Updated barter still touches a nerve

The Bartered Bride
The Bartered Bride
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Few operas need more understanding of a country’s struggles for national identity than The Bartered Bride.

Bohemia-born Smetana’s popular and lasting work seems little more than a village comedy with a circus troupe, a mildly engaging farce of mistaken identity and a conniving local dignitary humbled.

A corrupt mayor, a lovelorn country boy, a nasty landowner, compromised parents forced to barter a daughter into an arranged marriage to pay off debts, classic stage peasants drink and frolic...

None of these would have been clichés in 1866 when first performed, but Opera North’s decision to move the drama to 1968 and the Prague Spring gives familiar characterisations a sinister undercurrent.

The lightness – Smetana, who became the chief musical bard of the Czech National Revival, previously produced a more serious examination of centuries of denied nationalism which has not gained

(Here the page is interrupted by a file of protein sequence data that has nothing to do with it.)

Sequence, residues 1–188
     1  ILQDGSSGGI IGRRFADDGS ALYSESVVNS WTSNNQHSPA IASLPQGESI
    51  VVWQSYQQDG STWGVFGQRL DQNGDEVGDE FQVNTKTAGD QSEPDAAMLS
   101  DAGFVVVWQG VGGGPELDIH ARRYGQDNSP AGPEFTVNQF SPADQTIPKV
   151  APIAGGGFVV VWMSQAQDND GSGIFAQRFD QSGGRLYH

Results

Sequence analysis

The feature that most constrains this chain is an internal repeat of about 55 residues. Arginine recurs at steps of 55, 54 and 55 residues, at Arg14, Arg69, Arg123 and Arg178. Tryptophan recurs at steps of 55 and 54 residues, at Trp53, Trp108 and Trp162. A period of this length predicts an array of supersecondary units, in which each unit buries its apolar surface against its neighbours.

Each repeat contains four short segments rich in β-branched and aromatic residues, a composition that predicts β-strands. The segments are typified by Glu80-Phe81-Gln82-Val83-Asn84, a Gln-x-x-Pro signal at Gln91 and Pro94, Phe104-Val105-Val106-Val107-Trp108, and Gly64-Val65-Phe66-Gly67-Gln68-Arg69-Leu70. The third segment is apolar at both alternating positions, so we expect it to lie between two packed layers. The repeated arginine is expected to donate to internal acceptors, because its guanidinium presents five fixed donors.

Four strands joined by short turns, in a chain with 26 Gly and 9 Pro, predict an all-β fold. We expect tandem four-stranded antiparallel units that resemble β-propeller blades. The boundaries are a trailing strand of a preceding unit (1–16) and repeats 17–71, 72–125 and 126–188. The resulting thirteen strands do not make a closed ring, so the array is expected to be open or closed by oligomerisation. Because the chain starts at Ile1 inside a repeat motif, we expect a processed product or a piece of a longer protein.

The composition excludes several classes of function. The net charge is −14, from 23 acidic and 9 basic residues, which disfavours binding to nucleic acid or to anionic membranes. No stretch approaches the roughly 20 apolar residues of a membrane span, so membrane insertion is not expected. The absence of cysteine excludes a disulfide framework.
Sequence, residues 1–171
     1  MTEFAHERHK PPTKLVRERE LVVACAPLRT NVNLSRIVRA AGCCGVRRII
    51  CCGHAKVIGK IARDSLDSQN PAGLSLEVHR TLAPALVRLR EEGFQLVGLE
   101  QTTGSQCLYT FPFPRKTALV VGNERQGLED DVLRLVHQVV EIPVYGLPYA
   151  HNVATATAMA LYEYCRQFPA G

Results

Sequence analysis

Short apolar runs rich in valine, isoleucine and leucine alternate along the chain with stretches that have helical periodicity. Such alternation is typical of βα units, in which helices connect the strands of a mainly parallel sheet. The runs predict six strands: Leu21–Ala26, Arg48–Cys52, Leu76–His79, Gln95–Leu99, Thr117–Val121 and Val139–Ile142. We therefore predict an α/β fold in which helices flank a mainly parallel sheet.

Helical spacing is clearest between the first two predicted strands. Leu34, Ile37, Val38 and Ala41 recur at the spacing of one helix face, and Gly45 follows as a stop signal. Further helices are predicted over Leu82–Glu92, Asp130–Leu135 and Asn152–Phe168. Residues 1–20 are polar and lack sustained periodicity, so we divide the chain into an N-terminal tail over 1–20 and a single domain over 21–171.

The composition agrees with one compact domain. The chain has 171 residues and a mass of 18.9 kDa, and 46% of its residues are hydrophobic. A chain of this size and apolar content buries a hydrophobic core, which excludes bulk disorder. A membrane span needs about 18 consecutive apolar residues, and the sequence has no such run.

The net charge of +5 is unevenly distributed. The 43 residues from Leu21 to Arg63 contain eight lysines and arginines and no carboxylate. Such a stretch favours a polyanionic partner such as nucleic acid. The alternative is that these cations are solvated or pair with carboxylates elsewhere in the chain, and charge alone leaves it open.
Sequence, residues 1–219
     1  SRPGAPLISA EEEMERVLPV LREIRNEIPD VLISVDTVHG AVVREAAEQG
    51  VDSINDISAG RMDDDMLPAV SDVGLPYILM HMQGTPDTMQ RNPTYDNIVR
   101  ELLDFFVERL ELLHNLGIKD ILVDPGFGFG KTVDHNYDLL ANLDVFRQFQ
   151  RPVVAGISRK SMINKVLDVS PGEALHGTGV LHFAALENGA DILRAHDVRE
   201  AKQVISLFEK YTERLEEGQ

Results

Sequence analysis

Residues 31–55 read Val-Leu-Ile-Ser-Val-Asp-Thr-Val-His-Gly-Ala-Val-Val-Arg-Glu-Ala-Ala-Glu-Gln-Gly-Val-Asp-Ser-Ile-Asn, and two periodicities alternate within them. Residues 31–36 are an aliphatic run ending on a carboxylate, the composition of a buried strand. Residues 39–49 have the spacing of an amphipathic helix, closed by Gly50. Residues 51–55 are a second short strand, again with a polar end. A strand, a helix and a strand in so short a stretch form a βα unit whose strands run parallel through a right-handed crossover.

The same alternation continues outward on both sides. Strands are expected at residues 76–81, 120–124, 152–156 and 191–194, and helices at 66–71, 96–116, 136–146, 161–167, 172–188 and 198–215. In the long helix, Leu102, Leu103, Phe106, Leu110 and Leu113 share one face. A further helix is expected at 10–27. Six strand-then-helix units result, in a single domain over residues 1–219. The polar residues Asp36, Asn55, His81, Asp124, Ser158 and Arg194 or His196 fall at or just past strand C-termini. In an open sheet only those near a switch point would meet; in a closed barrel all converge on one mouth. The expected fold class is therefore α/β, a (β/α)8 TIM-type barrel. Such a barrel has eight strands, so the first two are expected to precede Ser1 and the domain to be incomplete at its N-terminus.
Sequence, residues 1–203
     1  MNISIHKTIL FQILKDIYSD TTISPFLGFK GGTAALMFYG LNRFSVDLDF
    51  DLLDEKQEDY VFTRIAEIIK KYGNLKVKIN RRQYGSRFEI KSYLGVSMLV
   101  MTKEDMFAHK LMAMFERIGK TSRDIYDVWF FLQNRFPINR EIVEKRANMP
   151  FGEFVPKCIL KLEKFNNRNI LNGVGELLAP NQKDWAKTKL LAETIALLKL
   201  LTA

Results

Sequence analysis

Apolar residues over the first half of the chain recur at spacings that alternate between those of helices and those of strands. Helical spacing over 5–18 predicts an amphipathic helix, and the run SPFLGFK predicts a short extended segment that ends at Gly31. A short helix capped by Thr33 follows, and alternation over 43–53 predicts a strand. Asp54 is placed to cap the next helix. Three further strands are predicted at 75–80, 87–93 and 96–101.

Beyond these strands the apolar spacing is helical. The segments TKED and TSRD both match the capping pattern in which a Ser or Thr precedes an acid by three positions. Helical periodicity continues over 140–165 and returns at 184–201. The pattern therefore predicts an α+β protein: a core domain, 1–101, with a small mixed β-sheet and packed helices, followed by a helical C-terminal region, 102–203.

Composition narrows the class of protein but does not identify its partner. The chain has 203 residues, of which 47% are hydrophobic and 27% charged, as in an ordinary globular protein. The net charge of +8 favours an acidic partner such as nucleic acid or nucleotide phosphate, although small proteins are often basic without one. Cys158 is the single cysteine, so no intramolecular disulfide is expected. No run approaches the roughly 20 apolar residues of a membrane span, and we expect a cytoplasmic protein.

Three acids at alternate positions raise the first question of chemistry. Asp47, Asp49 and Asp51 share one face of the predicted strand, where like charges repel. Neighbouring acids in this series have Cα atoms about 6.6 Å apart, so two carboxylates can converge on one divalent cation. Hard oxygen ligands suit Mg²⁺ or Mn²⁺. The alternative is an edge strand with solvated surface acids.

similar renown – is deceiving.

It touched a nerve, perhaps because of its localism. That said the bucolic nature of the drama does leave a lasting impression.

The score is marked by repetition, and the sense of a drama restrained by potential censorial disapproval leaves a tinge of frustration.

James Creswell as dodgy mayor Kecal has the most to work with, and thrives. He floats emotionally untroubled through the devastation he is wreaking on the lives of all around with a swagger which makes his downfall in the final act all the more deserved.

Kate Valentine as the centre of the circulating love interests Marenka is both alluring and vulnerable.

Jennifer France as circus ballerina Esmeralda sweeps in and almost tips up the village apple cart – as Esmeraldas should. Sets, costumes and performances are high quality throughout.

The two other productions in Opera North’s autumn visit across the Pennines are Verdi’s La Traviata on Friday and The Coronation of Poppea by Monteverdi on Saturday.

Mal Morris